What are the absolute essentials that a carer should be aware of when advocating for the person they are caring for? In your opinion, how can they do this successfully?
Know who to contact – research, find out, search for the best person, and place or department to deal with and start there.
“You will always get much further with sugar than you will with salt” – emotions can run high when dealing with loved ones and advocacy issues, emotional situations allow for tension and situations often “blow out”. The carers’ intentions are always good sometimes it’s just the execution.
If you don’t get the response you want, keep asking!!! – keep asking till you get that response multiple times, then you will know that is the response! Not everyone has the same training and knowledge so what someone says no to, another will often say yes or vice versa!
What would your top tips be to a carer or parent of a child that is newly diagnosed?
ASK, TALK, AND LISTEN!
Ask – everything – there is no silly question, ask for resources, ask for help, ask for education, and ask for supports.
Talk – talk to any one that will listen, and remember even when people say the wrong thing – their intentions are good, they just don’t know any better – tell them better!
Listen – this is the hard one! The world is in a spin at diagnosis and it can be particularly difficult to take it all in but many things get missed by you the carer and also by us as health providers (we are human too) and miscommunication makes further relationships and consultations difficult.
Is there anything else you would like to share?
I have a little saying that sits on my locker at work and reminds me of the difference I can and am making and I think the same can be said for carers;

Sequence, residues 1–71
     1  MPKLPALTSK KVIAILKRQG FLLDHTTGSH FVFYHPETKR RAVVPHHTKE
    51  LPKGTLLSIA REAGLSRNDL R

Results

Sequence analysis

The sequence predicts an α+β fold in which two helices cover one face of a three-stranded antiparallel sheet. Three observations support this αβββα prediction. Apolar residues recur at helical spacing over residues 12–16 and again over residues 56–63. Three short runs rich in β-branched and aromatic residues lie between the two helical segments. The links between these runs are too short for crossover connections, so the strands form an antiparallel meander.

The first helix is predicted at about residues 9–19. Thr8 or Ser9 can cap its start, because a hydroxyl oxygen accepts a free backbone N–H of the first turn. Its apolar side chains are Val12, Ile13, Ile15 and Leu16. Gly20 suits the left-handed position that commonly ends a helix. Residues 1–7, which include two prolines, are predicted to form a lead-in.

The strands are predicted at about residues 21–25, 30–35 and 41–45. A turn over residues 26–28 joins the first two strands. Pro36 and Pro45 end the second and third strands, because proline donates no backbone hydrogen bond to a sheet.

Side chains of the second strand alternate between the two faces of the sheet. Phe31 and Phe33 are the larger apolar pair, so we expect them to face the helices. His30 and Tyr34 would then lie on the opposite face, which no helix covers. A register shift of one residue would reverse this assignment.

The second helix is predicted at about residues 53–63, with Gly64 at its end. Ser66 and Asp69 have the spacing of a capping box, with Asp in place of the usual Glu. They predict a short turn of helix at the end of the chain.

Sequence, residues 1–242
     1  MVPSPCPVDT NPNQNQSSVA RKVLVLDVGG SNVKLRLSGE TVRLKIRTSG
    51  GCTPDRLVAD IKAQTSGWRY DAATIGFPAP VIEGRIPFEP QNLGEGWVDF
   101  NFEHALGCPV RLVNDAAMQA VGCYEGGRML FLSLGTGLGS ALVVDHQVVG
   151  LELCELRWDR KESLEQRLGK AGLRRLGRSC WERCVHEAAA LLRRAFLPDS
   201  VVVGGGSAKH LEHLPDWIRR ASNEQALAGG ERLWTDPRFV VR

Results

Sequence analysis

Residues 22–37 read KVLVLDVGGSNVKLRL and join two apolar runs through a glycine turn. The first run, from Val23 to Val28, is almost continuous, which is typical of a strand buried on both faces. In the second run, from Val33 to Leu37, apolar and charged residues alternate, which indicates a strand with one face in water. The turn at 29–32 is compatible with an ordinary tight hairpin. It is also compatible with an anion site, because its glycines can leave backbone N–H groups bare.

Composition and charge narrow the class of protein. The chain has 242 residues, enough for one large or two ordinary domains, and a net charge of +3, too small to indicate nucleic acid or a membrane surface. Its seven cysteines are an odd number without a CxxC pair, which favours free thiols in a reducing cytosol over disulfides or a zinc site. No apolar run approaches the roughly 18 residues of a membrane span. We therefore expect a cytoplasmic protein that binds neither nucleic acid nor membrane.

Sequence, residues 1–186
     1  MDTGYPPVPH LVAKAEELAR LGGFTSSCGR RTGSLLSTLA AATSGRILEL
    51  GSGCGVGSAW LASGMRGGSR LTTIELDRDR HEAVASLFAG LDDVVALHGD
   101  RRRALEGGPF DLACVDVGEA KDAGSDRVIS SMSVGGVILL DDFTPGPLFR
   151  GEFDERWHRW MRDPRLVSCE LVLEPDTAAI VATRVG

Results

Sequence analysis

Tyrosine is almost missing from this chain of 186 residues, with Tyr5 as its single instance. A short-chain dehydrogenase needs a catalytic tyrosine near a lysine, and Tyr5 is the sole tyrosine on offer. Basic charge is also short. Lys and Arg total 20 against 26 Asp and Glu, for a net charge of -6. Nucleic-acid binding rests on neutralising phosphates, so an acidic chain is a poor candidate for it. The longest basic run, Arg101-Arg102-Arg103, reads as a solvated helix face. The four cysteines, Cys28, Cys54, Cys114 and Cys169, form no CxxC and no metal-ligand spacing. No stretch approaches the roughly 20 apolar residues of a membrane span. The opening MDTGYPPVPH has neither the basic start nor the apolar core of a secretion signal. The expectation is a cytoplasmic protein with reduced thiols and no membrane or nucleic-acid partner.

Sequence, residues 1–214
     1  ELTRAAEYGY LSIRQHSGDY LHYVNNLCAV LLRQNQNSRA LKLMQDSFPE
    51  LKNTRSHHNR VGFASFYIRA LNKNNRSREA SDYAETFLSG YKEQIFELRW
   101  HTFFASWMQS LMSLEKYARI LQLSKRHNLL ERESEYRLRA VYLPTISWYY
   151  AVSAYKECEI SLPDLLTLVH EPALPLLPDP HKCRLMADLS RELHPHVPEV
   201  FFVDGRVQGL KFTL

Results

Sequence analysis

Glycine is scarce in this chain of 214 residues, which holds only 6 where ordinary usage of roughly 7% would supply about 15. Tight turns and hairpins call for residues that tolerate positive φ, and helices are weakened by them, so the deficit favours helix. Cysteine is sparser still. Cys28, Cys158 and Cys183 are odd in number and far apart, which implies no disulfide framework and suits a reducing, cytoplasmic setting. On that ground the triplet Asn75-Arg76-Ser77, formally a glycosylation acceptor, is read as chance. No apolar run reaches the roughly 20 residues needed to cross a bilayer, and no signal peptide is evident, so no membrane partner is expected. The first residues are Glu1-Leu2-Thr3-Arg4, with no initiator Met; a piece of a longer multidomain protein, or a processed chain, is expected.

“I didn’t choose nursing it chose me”
About Kelly in her own words:
I am 38 – well nearly. I Live with my amazing hubby of 19 years Tim aged 40 (next week) time to trade him in, he’s well out of warranty!
And my greatest achievement our daughter Adele aged 11 years old. As a family we enjoy travelling, and camping! Both of these things are important aspects of my life, being a busy working family it’s really important we get away and have some good quality time together.
We enjoy rolling the swags out on the beach and getting back to nature for a few solitary days without electricity, phones, TV etc. but then we also like to have a family holiday each year visiting family overseas or sitting by a pool in a fancy resort relaxing. Balance is important, and working with cancer patients has shown me that life is too short so enjoy it!!
I am ferociously protective of those I love, don’t suffer fools well and have a high intolerance for laziness and people that are unable to see the good in life. I avoid negativity, conflict, anger, sadness and anything that does not enrich my life with happiness – and yes I believe in rainbows and unicorns J I am happy, talkative… way to chatty and love nothing more than a great BBQ, with a few quiet chardys, the football and my friends and family.
I trust you enjoyed Kelly’s perspective. If you would like to share your story, please click the green button below.